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I think we should bear in mind this could be a figure plucked out the air by the scriptwriters.  There is no reason to think £1 a week is any more than a number that would sound more or less correct to the average viewer, bearing in mind there would've been viewers who would have memories of 1941 still alive in the 1970's.  It is a suspiciously round figure for one thing.

Also, towns on the south coast would've been very different to today.   I doubt there were high level jobs, if you were working class you probably worked on a farm.  And of course there was a war on, which must've distorted things a bit.

 

True good point.  Saying that one of the writers was a young man in the 40s.  (Depends on his memory of course).

 

 

There's one thing missing from your analysis and that is demand.  

so, population pressure, and foreigners buying UK housing as an investment, would have been far less back then.

Good point, also benefits push them up rents.

 

 

Rents will always rise and fall with the maximum the local market can bare long term. I BR income tax was slashed to 10% next week, within a year house prices and monthly rents would rise to absorb this extra income, as you couldn't say you didnt have it. And all landlords would be the same so you would be paying some degree of higher rent rise. 

Buying wouldn't help, house prices would rise by the same amount that the monthly payments on a mortgage could be paid with this extra money saved from tax.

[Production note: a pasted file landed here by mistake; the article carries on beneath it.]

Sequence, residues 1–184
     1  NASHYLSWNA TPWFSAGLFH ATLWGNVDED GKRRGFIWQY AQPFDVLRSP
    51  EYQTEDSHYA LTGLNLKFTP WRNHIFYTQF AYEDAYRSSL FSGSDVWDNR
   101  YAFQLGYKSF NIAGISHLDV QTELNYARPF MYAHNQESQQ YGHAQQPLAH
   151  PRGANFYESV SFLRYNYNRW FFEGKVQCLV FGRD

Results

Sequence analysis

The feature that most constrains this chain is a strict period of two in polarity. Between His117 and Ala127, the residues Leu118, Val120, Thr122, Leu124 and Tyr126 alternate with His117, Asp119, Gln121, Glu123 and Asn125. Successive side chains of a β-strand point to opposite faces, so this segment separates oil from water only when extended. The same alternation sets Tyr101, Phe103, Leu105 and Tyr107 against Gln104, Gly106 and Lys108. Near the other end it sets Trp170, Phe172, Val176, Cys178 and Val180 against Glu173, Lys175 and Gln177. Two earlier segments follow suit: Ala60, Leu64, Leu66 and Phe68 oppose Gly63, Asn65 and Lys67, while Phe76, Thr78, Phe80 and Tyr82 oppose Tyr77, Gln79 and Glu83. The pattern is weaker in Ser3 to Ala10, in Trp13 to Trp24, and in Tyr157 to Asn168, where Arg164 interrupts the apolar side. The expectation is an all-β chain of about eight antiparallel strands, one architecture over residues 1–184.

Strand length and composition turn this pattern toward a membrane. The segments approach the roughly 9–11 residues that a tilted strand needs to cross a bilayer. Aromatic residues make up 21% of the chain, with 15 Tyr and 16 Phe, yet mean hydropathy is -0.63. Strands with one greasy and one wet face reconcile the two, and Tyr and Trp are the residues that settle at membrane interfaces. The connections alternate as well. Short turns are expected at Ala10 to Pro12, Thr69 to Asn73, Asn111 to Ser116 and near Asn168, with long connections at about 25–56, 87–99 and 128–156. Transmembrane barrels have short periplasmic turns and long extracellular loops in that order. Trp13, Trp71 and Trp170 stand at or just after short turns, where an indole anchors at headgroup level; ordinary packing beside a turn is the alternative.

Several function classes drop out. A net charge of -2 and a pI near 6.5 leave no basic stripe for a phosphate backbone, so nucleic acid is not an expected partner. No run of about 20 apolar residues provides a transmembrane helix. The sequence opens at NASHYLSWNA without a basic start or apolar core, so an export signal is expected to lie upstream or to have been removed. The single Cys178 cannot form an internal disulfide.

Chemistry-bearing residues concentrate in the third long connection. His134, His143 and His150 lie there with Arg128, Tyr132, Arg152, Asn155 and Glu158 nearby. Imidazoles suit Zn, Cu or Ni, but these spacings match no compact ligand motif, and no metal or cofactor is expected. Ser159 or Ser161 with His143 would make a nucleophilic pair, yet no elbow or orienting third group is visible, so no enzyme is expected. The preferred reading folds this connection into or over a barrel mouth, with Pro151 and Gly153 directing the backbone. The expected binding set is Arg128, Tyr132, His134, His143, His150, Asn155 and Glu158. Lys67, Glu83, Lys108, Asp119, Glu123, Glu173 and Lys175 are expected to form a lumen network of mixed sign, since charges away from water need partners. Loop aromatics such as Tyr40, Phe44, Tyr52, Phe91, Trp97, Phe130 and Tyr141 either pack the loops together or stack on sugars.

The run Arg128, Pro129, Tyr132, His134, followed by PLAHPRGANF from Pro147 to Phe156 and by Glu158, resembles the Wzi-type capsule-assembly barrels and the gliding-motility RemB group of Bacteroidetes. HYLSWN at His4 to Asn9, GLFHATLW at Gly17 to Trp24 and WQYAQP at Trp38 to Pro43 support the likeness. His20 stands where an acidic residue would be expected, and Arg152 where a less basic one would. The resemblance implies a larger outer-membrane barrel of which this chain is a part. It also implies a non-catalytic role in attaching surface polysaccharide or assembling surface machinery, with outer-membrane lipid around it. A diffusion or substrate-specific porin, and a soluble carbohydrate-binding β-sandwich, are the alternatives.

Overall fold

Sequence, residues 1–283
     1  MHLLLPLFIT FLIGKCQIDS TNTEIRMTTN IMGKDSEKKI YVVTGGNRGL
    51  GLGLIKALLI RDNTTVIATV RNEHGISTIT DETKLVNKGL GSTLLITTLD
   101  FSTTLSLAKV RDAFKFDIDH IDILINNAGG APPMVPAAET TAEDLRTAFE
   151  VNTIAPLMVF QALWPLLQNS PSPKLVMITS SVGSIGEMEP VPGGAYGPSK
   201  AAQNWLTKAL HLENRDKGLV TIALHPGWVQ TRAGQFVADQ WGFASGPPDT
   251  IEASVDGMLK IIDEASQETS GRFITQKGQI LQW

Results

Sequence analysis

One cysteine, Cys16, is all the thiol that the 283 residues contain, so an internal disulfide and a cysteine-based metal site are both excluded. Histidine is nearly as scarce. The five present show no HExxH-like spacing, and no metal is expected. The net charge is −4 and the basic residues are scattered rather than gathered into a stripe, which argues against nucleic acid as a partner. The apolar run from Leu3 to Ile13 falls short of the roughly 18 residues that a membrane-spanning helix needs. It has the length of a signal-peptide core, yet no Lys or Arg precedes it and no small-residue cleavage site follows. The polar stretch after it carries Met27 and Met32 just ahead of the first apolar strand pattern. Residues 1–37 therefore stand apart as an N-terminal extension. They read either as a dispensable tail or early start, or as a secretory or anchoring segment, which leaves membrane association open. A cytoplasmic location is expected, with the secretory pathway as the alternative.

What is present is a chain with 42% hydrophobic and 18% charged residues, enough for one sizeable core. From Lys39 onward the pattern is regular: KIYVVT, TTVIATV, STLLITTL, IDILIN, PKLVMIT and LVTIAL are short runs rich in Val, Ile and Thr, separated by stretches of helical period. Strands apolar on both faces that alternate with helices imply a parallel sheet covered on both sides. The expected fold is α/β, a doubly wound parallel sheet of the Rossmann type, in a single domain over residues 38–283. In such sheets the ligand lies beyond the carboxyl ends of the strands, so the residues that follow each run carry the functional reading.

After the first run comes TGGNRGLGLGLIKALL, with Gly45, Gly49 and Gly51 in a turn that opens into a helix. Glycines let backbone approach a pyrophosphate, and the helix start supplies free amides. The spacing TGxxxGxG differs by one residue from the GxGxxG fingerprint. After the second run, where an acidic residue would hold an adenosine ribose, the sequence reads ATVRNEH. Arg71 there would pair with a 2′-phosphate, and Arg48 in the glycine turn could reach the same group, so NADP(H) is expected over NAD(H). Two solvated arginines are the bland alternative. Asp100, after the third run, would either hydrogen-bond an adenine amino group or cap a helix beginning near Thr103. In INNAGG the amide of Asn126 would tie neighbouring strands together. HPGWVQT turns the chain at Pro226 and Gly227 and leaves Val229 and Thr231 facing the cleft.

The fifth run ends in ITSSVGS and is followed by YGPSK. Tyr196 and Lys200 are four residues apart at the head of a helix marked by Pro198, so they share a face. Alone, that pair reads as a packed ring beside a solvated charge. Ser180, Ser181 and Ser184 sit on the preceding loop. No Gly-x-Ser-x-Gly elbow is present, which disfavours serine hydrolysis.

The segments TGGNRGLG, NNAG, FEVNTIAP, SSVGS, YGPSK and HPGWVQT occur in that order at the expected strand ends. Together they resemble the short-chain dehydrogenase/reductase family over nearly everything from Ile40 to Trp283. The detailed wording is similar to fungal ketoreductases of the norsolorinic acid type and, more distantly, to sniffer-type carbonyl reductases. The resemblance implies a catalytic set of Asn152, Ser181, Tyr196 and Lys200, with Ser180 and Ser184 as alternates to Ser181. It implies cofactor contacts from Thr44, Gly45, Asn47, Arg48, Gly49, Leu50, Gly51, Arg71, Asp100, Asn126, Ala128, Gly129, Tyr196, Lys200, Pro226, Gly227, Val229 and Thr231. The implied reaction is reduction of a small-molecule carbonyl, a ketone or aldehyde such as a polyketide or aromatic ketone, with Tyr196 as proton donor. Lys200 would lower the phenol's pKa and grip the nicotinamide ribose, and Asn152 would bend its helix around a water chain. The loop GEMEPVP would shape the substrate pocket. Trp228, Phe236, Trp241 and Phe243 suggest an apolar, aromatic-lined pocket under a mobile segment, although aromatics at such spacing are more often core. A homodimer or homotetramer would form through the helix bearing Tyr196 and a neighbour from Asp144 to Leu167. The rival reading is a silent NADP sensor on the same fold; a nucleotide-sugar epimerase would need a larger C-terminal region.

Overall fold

If BR tax doubled to 40% , the opposite would happen, rents and house prices would fall to account for the loss of monthly income.

Without a Land Value Tax the local market monthly rents and house prices will always rise and fall with incomes. 

This is how the world works, without LVT or rent controls.

True

 

 

I know the average wage for people my dad employed in the 40s was about a fiver a week. Old money of course.

That's about £300 a week in today's money.

Interesting but where was this though and doing what?

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I know the average wage for people my dad employed in the 40s was about a fiver a week. Old money of course.

That's about £300 a week in today's money.

Thanks for this, we have to rely on personal memories because Google won't tell us stuff like this.

£5 is £254 using the BoE calculator, 1941 to 2019.  The £1 rent is £50.86 corrected by the same inflation factor.

So that rent was roughly 20% of gross income.

Median income is supposedly about £29k these days, 20% of that is £483 a month.

I guess that is cheap on the south coast these days, but you can rent a house in Lancashire for that.

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Thanks for this, we have to rely on personal memories because Google won't tell us stuff like this.

£5 is £254 using the BoE calculator, 1941 to 2019.  The £1 rent is £50.86 corrected by the same inflation factor.

So that rent was roughly 20% of gross income.

Median income is supposedly about £29k these days, 20% of that is £483 a month.

I guess that is cheap on the south coast these days, but you can rent a house in Lancashire for that.

I would guess the data on wages in the past exists - just hard to find.

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I would guess the data on wages in the past exists - just hard to find.